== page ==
CD REVIEW: Duke Fame - Regrets
By Ashley Petkovski - 08/18/2002 - 05:29 PM EDT
Artist: Band: Duke Fame
Regrets is a road trip record with soul. From the second that the title track from Duke Fame’s debut record picks up, it becomes all about you, the hot sun, the cool wind, your brand new convertible, your best friends, miles of empty highway, and, no doubt, a trunk full of beer. Incredibly catchy, tight and brimming with fire-ball energy, Duke Fame’s powerful guitar-work, pounding, driving rhythm section, and completely irresistible ba-ba-backup vocals make Regrets an unassuming, unaffected sonic experience. Although the mood does darken on tracks like “Hunger” and the album’s standout track “Sad But Beatiful,” the genuine enthusiasm, energy and excitement of a new band, seemingly not jaded, cynical, or ‘radio-fied’, comes through on every track on the record.
As with so many current North American alternative rock records, Regrets doesn’t drag on. It comes on strong from the beginning, and drives forward during each one of its 43 minutes. With most tracks clocking in at around four minutes, they musically possess the spirit of the Twin Cities Triple-Threat - Soul Asylum, Husker Dü and The Replacements – the last of which serve as the band’s biggest influence. Coming from a collaborative scene of punk and DIY alternative, Duke Fame proudly display their influences on this record. Although claiming that their punk influence goes unrecognized within their music, the lead guitar twists and turns, adding continuous flow and an occasional counterpart to the solid melody, very much in tune with the “formulas” of early punk. Personally, I hear everything from Johnny Thunders/The New York Dolls to early Stranglers.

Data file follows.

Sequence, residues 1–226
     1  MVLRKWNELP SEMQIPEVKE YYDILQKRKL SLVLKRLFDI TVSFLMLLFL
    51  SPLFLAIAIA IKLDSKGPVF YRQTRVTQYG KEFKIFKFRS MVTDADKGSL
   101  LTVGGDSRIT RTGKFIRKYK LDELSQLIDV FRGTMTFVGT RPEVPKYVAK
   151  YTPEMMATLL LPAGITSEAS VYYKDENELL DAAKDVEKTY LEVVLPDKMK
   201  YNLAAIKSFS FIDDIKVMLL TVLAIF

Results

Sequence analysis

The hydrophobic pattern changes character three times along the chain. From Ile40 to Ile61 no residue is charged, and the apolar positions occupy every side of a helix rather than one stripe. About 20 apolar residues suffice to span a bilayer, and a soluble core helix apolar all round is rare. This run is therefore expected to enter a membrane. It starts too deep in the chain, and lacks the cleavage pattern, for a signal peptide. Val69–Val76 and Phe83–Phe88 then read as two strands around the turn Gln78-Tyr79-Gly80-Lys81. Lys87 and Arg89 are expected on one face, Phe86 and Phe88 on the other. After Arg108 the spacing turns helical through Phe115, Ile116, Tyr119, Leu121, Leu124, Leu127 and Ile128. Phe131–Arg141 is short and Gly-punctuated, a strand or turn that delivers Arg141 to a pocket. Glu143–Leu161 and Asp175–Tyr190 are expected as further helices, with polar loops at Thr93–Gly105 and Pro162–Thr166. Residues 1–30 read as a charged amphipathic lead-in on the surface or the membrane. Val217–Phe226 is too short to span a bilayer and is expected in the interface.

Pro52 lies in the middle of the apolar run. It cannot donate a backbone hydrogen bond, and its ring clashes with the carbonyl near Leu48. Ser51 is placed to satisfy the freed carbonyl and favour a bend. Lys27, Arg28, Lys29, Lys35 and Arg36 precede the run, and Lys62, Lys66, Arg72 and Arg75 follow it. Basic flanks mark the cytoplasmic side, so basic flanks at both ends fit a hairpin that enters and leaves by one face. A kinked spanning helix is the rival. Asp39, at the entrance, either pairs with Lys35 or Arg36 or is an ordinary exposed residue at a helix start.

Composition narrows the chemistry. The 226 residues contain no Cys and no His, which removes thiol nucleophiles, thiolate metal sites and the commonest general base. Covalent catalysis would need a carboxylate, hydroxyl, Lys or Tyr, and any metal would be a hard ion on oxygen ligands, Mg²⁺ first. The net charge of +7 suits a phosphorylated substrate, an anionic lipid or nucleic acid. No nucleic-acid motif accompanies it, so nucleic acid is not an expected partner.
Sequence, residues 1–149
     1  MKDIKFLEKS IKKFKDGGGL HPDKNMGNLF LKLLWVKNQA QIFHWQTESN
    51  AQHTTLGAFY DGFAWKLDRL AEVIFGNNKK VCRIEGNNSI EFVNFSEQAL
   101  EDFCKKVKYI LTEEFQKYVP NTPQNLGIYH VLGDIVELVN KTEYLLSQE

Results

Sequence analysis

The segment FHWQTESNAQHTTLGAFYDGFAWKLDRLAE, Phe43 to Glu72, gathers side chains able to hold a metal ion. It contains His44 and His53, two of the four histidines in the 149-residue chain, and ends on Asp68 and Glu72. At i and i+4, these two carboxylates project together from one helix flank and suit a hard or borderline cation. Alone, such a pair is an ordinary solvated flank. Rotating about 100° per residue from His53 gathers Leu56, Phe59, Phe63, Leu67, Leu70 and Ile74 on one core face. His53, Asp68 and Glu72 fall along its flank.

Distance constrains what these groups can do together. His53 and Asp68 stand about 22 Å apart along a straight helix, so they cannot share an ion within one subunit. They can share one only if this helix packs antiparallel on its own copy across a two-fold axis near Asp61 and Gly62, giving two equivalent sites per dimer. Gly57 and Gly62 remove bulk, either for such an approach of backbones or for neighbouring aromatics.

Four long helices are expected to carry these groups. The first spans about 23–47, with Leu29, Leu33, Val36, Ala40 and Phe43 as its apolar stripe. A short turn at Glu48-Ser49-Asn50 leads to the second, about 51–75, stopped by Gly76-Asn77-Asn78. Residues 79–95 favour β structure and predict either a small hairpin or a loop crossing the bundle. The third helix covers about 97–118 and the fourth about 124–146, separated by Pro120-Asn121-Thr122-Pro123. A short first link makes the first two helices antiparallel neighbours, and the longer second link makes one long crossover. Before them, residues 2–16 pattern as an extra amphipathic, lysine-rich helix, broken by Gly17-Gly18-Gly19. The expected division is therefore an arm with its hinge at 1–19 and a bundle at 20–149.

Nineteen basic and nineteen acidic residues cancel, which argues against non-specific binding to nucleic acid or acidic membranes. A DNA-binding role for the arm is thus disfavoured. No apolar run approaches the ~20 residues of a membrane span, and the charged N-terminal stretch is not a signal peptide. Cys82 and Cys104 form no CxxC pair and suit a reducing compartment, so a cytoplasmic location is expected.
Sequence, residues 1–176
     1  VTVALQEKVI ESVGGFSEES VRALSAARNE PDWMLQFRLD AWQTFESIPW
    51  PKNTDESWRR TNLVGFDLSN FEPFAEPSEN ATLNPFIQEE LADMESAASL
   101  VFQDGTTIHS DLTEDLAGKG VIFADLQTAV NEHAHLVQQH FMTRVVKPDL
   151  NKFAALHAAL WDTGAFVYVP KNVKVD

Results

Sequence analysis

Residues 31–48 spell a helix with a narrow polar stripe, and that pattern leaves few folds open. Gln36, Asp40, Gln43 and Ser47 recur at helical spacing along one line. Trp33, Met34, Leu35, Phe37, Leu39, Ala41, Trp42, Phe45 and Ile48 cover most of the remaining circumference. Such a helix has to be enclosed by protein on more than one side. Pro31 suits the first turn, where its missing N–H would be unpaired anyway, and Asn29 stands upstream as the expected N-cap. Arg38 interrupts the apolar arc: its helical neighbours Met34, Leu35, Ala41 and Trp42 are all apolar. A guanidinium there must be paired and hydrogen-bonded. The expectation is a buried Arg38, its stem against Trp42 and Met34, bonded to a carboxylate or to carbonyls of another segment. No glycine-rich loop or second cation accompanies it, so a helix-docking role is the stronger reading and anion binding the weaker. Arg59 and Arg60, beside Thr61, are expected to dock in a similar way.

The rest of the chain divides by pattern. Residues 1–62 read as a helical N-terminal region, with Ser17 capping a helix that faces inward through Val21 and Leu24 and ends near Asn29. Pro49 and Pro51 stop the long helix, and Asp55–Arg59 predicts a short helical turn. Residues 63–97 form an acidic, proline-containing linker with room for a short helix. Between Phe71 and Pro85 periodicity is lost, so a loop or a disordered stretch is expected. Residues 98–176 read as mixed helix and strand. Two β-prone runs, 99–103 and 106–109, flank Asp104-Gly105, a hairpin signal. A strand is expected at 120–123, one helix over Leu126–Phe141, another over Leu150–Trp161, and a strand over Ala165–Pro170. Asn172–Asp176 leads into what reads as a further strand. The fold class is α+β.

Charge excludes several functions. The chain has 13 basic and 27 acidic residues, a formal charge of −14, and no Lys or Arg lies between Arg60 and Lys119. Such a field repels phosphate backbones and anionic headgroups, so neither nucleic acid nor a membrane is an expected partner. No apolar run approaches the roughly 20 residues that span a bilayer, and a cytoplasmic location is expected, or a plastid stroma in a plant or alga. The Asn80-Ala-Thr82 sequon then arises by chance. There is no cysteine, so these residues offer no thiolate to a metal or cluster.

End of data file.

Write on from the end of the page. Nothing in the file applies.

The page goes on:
Regrets, however, holds a lyrical depth not typically found in modern alternative music. Primarily written by Steve Tockerman (guitar, vocals) and Eric Zweig (vocals, guitar), Regrets showcases a little soul within a set of solid pop sensibilities. The main theme seems to extend into that crazy world of relationships, something that can kill off any potential for lyrical decency. Be they “man/woman” or “man in room analyzing self to point of insanity” Duke Fame handles their recorded relationships with class and intelligence. Undoubtedly the gift of good songwriting is also what gives Regrets its wonderfully memorable melodies. Lyrics like “I am a house on fire/I am a vicious liar/Is there truth in me?/Can I find what I can’t see?” (Sad But Beautiful) and “All things are beautiful in their own light/I keep my thoughts pure and simple in the dark of the night/Most days mean nothing to me/Most days are incomplete” (Most Days) pull everything together, proving Duke Fame’s ability to give their music some heart.
The only thing that holds down the record from rock ‘n’ roll perfection is consistency… a little too much consistency. At times, the more upbeat songs tend to have very similar structures, without a lot of variation in terms of small details (i.e. little guitar lines and drum fills). It’s not distracting enough, or boring enough, to sound like one 30 minute song with several movements, like Dream Theatre for example, nor is it entirely unavoidable.
In the end, Atlanta’s Duke Fame (named for one of Spinal Tap's bondage favouring opening acts) are solid songwriters and solid musicians with, you guessed it, a solid record. They could’ve been a ‘road-rocking, opening act at the outdoor festival’ kind of band, but instead have taken a basic power-pop structure and added a rarely seen level of intelligence and DIY integrity into their music and lyrics. A record with the depth, passion and talent possessed by Regrets is a rarity for a new band, and a record that’ll take over that ever-elusive reserved space in my CD player… at least for now.
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